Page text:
May 6, 2013
United Illuminating Company (UI) has made a formal request with the Public Utilities Regulatory Authority (PURA) to increase electric distribution rates by $95 million over the course of two years. Attorney General George Jepsen, among others, is in opposition to the increase, stating that the utility rates should be decreasing rather than increasing.
If the rate increase is approved, distribution rates would increase by 26 percent in the first year ($69 million) and by an additional 9 percent in the second year ($26 million). For the average residential customer, this means an 8.7 percent increase on electric bills during the first year and another 3 percent the second year. According to UI, the increased funding would go towards the replacement of aging infrastructure, reliability, and improving its delivery system for extreme weather events such as the major storms that occurred in 2011-2012.
In the filing, UI also requested to raise its return on equity (ROE) to 10.25% in order to attract capital needed to make infrastructure investments. In UI’s last rate approval, PURA allotted an 8.75% ROE, but a February 2013 compliance filing showed that actual ROE for that period was well above the allocation at 10.34%. The ROE increase request would account for $11.4 million of the proposed $95 million hike.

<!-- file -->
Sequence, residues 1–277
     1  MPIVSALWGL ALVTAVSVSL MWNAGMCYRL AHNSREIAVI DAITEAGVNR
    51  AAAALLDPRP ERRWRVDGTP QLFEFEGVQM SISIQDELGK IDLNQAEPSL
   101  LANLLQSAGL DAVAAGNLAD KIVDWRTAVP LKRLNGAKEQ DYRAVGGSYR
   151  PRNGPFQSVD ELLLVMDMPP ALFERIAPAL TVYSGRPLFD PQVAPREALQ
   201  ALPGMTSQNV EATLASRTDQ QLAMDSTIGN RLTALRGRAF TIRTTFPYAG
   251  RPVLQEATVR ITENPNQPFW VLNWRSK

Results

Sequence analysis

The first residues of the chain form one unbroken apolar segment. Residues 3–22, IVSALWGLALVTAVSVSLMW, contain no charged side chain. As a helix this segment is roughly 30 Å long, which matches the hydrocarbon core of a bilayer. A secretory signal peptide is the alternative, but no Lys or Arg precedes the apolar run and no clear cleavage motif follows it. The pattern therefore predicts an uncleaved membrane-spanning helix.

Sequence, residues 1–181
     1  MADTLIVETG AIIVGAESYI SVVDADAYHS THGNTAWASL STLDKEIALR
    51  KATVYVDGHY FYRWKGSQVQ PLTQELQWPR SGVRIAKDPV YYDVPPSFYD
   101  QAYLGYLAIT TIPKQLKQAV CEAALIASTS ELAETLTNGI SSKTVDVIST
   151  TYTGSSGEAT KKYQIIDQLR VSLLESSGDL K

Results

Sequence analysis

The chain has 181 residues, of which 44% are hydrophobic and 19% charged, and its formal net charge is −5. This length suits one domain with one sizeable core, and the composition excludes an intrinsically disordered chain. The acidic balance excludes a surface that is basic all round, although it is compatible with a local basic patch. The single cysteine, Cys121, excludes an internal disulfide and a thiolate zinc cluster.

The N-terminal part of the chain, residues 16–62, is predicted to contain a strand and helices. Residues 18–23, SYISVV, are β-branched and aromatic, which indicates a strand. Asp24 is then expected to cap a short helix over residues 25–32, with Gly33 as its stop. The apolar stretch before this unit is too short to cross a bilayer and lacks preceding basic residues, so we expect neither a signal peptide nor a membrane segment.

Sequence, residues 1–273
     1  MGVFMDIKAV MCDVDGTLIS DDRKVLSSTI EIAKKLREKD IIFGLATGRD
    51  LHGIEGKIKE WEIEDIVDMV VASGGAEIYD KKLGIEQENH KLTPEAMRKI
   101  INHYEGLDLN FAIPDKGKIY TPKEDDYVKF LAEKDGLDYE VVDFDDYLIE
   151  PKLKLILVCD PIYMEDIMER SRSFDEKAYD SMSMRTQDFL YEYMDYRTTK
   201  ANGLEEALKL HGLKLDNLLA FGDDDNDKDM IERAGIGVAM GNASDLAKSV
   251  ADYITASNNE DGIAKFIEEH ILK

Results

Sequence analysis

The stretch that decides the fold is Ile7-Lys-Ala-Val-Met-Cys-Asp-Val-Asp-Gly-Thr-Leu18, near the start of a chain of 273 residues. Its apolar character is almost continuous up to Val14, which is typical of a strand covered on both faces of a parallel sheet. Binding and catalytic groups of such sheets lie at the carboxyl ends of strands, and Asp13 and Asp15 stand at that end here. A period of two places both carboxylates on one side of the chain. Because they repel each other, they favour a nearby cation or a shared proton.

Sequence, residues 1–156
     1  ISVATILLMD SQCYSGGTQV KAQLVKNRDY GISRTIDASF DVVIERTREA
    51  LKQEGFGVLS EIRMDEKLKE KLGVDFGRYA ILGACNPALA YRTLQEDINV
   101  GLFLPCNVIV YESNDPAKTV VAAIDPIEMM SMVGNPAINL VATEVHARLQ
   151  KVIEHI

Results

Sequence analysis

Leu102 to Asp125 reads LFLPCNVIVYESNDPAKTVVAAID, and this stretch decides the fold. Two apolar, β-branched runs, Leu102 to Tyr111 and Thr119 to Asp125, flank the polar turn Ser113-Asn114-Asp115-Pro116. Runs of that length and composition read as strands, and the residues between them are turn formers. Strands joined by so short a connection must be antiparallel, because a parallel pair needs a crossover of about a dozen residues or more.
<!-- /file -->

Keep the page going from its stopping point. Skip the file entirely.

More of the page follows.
The Office of Consumer Counsel (OCC) – an independent state agency responsible for representing CT’s utility ratepayers – condemns the ROE request, stating that “UI should not have trouble attracting capital for infrastructure investment without the increase.”
In a press release, Attorney General Jepsen stated, “I believe that, based on the evidence presented in this proceeding, the rates proposed by UI are far above levels that are just and reasonable. UI has the highest electric rates in Connecticut and has consistently met or exceeded its authorized return on equity. UI has failed to show that it requires even higher rates to cover reasonable operating costs.”
Attorney General Jepsen argued that evidence shows that a rate increase of $11.5 million during the first year would be appropriate. However, this increase would be offset by the return of $14.4 million in overearnings from 2010 and 2012 (plus interest) to UI’s ratepayers. With this, a rate reduction of at least $2.9 million in the first year would be suitable, according to the Attorney General.
Connecticut residents pay some of the highest rates in the nation for electricity, with Hawaii, New York, and Alaska the only states paying higher rates for electric supply. Residents and businesses can save on their electric bills by selecting a retail electricity provider with lower electric supply rates than UI. Use the Compare & Switch tool (at the top of the page) to view rates and plans in your area.